Story and photos by Robin Hartman
In a year that has seen the recycling industry take two steps back, the Kentucky Division of Waste Management’s Kentucky Government Recycling Section (KGRS) is helping the environment by repurposing the state’s used paper, cardboard and books.
A small group of seven full-time and three temporary employees works with enthusiasm to provide recycling services to state agencies in Frankfort. KGRS collects white office paper, colored office paper, cardboard, newsprint and mixed paper from offices on a weekly basis. They also recycle books and wood pallets, advise agencies on plastic, glass, aluminum, and electronics recycling, and provide free document destruction services. KGRS collects and recycles nearly 45,000 pounds of material each week.
“As a government entity, we’re not for-profit,” said Brian Bentley, Environmental Scientist with the Division of Waste Management. “If we can keep servicing state agencies, saving on document destruction costs, and recycling all the paper generated by state government operations, we’re decreasing government’s footprint on the environment.”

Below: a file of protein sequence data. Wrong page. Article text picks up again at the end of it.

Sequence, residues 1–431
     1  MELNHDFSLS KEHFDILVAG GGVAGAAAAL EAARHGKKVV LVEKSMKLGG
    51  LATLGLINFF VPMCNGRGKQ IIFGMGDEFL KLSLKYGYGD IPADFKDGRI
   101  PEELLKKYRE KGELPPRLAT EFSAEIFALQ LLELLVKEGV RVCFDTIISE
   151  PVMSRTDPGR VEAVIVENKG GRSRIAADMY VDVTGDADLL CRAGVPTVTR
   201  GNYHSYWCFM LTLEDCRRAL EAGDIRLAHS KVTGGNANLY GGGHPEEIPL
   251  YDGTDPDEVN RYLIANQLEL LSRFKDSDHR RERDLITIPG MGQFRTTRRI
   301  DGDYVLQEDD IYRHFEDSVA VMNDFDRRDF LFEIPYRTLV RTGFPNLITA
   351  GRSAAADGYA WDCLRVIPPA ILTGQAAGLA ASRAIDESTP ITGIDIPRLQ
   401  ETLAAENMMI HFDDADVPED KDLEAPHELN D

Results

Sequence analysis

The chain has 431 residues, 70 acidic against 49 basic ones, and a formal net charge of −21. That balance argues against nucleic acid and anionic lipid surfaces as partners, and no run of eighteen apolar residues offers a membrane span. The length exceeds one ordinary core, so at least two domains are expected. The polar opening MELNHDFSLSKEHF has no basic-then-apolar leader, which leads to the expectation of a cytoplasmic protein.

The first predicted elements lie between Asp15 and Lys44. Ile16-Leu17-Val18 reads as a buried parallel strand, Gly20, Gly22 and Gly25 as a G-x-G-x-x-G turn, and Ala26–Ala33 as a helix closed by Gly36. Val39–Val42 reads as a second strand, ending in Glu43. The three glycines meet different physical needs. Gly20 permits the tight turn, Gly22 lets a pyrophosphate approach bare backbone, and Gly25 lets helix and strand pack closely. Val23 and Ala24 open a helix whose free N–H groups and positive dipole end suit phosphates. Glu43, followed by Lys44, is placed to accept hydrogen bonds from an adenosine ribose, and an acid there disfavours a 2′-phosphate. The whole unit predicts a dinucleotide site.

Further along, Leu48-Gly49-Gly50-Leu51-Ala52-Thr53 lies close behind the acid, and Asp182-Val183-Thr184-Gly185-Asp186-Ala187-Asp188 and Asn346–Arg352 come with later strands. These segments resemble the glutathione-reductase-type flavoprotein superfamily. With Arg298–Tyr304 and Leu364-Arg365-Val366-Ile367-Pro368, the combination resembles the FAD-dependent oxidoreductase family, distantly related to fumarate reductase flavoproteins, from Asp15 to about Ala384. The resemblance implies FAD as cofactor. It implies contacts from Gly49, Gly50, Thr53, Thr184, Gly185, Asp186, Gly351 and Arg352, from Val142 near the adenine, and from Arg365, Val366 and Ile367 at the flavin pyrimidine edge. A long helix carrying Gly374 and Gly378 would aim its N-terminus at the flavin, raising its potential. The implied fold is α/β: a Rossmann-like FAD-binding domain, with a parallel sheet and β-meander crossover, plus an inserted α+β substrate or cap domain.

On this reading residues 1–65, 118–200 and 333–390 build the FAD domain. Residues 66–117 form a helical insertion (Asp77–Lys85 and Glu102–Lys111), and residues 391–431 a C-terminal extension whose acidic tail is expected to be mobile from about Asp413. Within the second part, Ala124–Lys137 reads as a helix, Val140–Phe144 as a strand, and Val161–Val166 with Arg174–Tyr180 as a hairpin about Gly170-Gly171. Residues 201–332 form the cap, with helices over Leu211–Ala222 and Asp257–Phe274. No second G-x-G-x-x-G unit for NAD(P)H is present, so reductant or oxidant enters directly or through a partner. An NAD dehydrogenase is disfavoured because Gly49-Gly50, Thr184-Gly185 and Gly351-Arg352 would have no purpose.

Countries like China, on whom U.S. consumers depend to purchase recyclable material, have recently tightened their standards for the cleanliness of the product. First it was plastics, and in May of this year, standards were raised on paper products as well. As a result, many cities across the country have suspended recycling operations. Lexington, for example, has halted paper recycling until further notice.
But KGRS continues to operate regardless of industry fluctuations in part because it makes it convenient for state workers to recycle, so items are correctly sorted, and there is very little contamination.
Paper is shredded and compacted into 1,400-pound bales, loaded onto semi-trailers, delivered, and eventually recycled into new white paper, cups, plates or paper towels. Colored paper becomes tissue paper; cardboard is made into new cardboard, newspaper into new newsprint, and phone books become new phone books or insulation.
What started as a small initiative on Riley Road in 1982 has grown into a state-of-the-art operation that saves state agencies hundreds of thousands of dollars each year in document destruction and disposal fees, while generating revenue that partially supports division operations.
“We have an advantage over your typical recycling center,” says Timmy Bryant, Environmental Control Supervisor at KGRS. “Because we limit our product, we’re able to provide different bins, and our material arrives somewhat clean and pre-sorted. As long as we educate employees about what should and shouldn’t be placed in the bins, we reduce our contamination rate.”
The recycling facility, at 115 Northgate Drive, exceeds OSHA standards with its paper-shredding and bailing equipment, a dust collection system, cardboard bailer, and more. Two new collection trucks have been purchased in the past four years with two more coming in the next few months. These new diesel trucks will replace ones that are more than 14 years old.